Crowdinvesting sounds appealing to some start-ups, but many who try it fail. Finance professor Markus Petry explains why.
Investing a small sum in a start-up and perhaps profiting from the next Google or Facebook: This is what users of crowdinvesting platforms dream of. 100 million euros have flowed into this form of financing by 2019 in Germany alone. But the success is moderate: every third of the corresponding start-ups goes bankrupt, as Markus Petry from the Wiesbaden Business School found out in a study. In an interview, he talks about the reasons for the high failure rate, the risks for investors and what the platforms can do better.
Mr. Petry, according to your survey, a third of all crowdinvesting start-ups go bust. Is that because of the companies or because of the financing instrument?
There is actually nothing to be said against crowdinvesting per se. The largest market is real estate financing, which has developed very positively and has seen a pleasingly low number of defaults, which is partly due to the positive economic conditions of real estate. But with startups, what I call adverse selection kicks in.
You have to explain that.
What I mean by that is that the founders who resort to crowd money have usually already been rebuffed by all other capital providers. When banks and venture capitalists say a startup isn't promising, they rely on their expertise. An expertise that investors on crowdinvesting platforms usually don't have.
But couldn't founders consciously rely on this grassroots form of financing?
It's possible, but not reasonable. After all, business angels and VC funds not only bring money, but also know-how that can help start-ups. They can accompany the development process and establish contacts. Crowdinvesting does away with all that.
So investors are unlikely to find the next Google on crowdfunding platforms?
There are very few unicorns that have relied on crowdinvesting. Recently, for example, it was Revolut, the British fintech. But they used that as a complement to their venture capitalists. In my opinion, it was mainly about marketing, so they could engage customers and raise their own profile.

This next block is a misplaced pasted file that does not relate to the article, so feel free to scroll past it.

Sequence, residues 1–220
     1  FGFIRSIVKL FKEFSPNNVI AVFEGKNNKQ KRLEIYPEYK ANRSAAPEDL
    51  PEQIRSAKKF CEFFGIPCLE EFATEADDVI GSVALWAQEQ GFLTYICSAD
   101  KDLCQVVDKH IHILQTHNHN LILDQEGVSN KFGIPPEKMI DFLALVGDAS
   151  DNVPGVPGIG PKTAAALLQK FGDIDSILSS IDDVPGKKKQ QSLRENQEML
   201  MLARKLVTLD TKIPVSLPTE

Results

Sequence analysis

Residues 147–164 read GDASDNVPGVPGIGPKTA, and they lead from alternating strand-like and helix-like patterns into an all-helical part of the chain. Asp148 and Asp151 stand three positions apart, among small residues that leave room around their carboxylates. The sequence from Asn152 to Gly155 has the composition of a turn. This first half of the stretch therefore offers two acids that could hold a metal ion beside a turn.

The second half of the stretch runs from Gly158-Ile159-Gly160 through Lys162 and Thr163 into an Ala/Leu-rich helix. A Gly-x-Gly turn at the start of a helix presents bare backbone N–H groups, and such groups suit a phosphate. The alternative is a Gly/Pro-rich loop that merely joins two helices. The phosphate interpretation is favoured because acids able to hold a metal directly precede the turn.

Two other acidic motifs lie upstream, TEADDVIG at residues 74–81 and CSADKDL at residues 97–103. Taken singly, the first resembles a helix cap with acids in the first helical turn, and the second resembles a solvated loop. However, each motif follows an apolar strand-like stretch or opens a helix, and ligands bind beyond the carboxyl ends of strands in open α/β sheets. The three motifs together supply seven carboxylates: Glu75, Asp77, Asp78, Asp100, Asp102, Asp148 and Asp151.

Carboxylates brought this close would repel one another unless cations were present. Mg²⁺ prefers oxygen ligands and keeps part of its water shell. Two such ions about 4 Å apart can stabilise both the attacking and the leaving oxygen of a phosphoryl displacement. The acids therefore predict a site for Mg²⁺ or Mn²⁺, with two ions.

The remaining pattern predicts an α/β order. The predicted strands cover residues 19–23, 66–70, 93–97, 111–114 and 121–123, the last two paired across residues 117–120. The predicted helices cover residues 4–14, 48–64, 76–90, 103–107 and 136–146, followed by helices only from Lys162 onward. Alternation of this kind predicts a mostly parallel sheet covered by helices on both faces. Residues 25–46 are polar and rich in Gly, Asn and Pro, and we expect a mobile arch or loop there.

There are no such outstanding cases in Germany?
Not on this scale, and that is also the problem. VC funds work according to the principle: I support ten start-ups, and if only one of them does exceptionally well, it makes up for the losses of the others. Theoretically, investors on such platforms could also proceed in this way and invest in several start-ups. But they won't even find the one runaway winner that makes up for nine losing deals. I've done the math on this: All crowdinvesting start-ups in Germany have lost 26 million euros in investment money since 2011, and in return only ten million euros have flowed back to the investors. So even if you had invested extremely diversified, they would have lost a lot of money.
Even if crowdinvestors had invested extremely diversified, they would have lost a lot of money.Markus Petry
So should investors stay away from it completely?
They should at least be aware that crowdinvesting is extremely risky. Studies have shown that most investors are aware of the risks and take them sight unseen. Most are what we now casually call "old white men" who have significant financial resources. For them, it's a form of play money, they view crowdinvesting a bit like a casino.
Would the platforms have to do a better job of filtering to keep the failure rate down?
The platforms are in a quandary: on the one hand, they want to attract as many companies as possible to their sites, because they earn from the transaction fees. On the other hand, they can't afford too many failures either, because then customers will stay away. However, they probably accept some failures, otherwise the rate cannot be explained. But at least the most serious cases could be dealt with by the providers through better contract conditions.
You mean fraudsters?
Not only. Fraud was involved in Unyte Yoga, for example, where the crowd platform had already transferred the investors' money to the start-up, but then nothing happened with it. The platform can hardly prevent misappropriation of funds.
What I mean here shows the example of Protonet, which wanted to offer a cloud for everyone. Assets were shifted from one company to another, and the investors were left holding the bag. But according to the terms of the platform, it was legal. Maybe if you start there, it could drive down the odds.
Thank you very much for the interview.
Personal details: Markus Petry is Professor of Financial Services Controlling at the Wiesbaden Business School. Among other things, he conducts research on crowdinvesting, robo-advisor offerings and digital investment. Previously, he worked at Deutsche Pfandbriefbank, Aareal Bank and the management consultancy McKinsey. He studied business administration at the University of Frankfurt, the College of New Jersey and the Sorbonne and holds a PhD in economics.
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